For the first time since injuring his neck in Week 2 at Carolina, Packers safety Nick Collins was on the sidelines with his teammates on Sunday at Lambeau Field.

Collins recently had surgery on his neck and is in the midst of his recovery process. He was officially placed on injured reserve this past week and will not play again this season.

He has not spoken to reporters since his injury and his long-term football future remains up in the air for now, but his teammates were thrilled to have him around for the 24-3 victory over St. Louis.

“He’s a third eye out there,” said safety Charlie Peprah, who has taken over Collins’ starting spot. “Besides our coach, he’s out there coaching us up. He sees things differently than we do sometimes, and he’s giving us tips and things like that, so I enjoy having him on the sideline.”

Knowing your foe: The Packers took advantage of Rams cornerback Al Harris’ aggressiveness on the 93-yard touchdown pass from Aaron Rodgers to Jordy Nelson in the second quarter. Harris, who played for the Packers from 2003-09, tried to jump what he thought was a slant route to Nelson.

Nelson took off deep, though, and that was all she wrote.

“Aaron wanted to put a double move on Al,” Nelson said. “Obviously with Al being here, we know how he plays. He’s an aggressive corner. He’s a great corner. We gave him one step in to make it look like a slant, he bit on it, Aaron put the ball out, and I was able to split two guys and get in the end zone.”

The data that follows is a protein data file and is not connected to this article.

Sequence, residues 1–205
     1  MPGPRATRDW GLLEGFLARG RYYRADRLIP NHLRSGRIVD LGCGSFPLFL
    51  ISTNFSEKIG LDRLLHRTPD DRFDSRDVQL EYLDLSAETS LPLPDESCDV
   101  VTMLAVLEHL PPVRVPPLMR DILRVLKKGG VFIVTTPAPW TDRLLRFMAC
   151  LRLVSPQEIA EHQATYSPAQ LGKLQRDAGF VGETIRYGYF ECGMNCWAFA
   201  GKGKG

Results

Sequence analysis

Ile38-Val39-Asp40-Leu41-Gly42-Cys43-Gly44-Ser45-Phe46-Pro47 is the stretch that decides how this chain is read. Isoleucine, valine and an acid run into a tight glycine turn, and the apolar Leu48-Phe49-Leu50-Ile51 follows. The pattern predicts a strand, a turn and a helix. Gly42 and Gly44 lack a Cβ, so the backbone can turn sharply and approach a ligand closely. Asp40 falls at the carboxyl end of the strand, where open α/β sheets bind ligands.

The 93-yard score was the longest career completion for both Rodgers and Nelson. It was the fourth-longest completion in team history and the longest since Brett Favre’s 99-yard connection with Robert Brooks on a 1995 Monday night in Chicago.

For Nelson, it was his second TD reception of 80-plus yards this season, the other coming in Carolina. That ties the single-season franchise record with four other players (Billy Howton, 1952; Antonio Freeman, 1998; Donald Driver, 2002; Greg Jennings, 2007).

It was also the third TD of 80-plus yards in Nelson’s career, which ties him for second on the all-time franchise list, behind only Jennings, who has four.

Rodgers’ first TD pass of the day was to James Jones, and it was the third straight game with a score for Jones, the first time he has accomplished that in his career.

The 35-yard pass came off of play-action, as Rodgers rolled to his left. The primary read is a short throw into the flat, but Jones had more than a step on cornerback Justin King and Rodgers let it fly.

“James came open,” Rodgers said. “I’ve thrown that one time in six years on that play, to Rod Gardner in training camp.”

Gardner was in training camp with the Packers in 2006, two years before Rodgers became a starting quarterback.

Eventful day for Masthay: Punter Tim Masthay had an eventful day dealing with the 20-30 mile-per-hour winds swirling around Lambeau.

Early in the fourth quarter, Masthay first boomed a career-long 67-yarder that sailed over returner Austin Pettis’ head and carried to the Rams’ 4-yard line before Pettis fielded it. For a moment it appeared Masthay might not even get the punt off while under a heavy rush from the Rams.